I have a long fascination with turning mundane objects or…
Photographer David Roberts has spent extended periods in isolation connecting with the land. Nine weeks above the Arctic Circle allowed him to observe the landscape evolve into winter before his eyes. His choice of camera was not necessarily a practical one: a Kodak Master view camera from the 1940s, accompanied by film and holders, tripod and lenses.
With a BA in Philosophy and an MA in Theology, David lived for over 10 years learning and translating the language of the Dene Indians and the Inuit First Nations People in remote regions of northern Canada. He built his family a home, learned to traverse the ice as his daily commute and to hunt caribou. It was during this period that he developed an interest in photography and it became an increasingly contemplative preoccupation. He realized that by using an ultra-large format view cameras that he could get the photographs that he was truly after – both technically and aesthetically.
A finalist in the National Photographic Portrait Prize in 2014, David is one of the few photographers in the world given the privilege of a formal portrait session with The Dalai Lama. With many famous faces in his collection, The National Portrait Gallery, National Library of Australia and other state institutions have purchased his work. He was recently commissioned by The National Portrait Gallery to make a portrait of Nobel Prize-winning, Professor Brian Schmidt. A process that he describes as a collaborative and highly contemplative time with this subject, David enjoys the fact that the equipment slows everything down and allows a new kind of intimacy.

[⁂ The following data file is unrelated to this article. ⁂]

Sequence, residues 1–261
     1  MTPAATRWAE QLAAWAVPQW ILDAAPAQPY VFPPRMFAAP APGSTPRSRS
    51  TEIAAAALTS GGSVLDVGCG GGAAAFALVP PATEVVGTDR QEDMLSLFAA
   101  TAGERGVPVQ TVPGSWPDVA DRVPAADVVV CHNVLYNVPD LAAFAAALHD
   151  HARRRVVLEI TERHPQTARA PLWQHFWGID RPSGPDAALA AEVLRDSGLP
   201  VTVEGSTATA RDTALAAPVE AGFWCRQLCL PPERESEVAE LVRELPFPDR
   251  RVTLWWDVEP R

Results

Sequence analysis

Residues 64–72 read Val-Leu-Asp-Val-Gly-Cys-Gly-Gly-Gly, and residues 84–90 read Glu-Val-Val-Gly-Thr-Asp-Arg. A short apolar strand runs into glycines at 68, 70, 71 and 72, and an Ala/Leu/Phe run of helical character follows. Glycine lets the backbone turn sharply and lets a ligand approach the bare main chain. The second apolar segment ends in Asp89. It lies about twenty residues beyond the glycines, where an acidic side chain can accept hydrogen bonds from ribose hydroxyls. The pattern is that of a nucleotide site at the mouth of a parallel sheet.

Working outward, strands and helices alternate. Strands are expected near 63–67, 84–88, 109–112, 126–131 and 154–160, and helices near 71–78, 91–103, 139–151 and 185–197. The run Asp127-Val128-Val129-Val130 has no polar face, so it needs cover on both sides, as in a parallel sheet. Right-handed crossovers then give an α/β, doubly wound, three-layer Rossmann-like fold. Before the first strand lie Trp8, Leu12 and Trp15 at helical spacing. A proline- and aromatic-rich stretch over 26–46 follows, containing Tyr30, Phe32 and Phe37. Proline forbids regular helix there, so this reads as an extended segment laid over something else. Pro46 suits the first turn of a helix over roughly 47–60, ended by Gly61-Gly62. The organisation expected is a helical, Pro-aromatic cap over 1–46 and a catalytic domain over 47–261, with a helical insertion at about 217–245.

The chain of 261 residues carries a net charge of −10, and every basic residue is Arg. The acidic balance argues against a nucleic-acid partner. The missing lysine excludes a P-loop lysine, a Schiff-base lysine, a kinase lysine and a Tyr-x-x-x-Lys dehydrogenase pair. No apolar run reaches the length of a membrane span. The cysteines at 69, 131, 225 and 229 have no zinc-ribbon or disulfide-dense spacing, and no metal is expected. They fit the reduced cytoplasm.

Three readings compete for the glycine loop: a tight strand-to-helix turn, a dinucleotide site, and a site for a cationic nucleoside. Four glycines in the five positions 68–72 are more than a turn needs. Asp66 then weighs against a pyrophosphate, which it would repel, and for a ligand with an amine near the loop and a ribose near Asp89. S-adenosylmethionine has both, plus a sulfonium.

‘Roberts behaves impeccably artistically….with a vision more from mid-last century than this millennium.’ Art critic Robert McFarlane.
His The Photograph Considered can be seen here.
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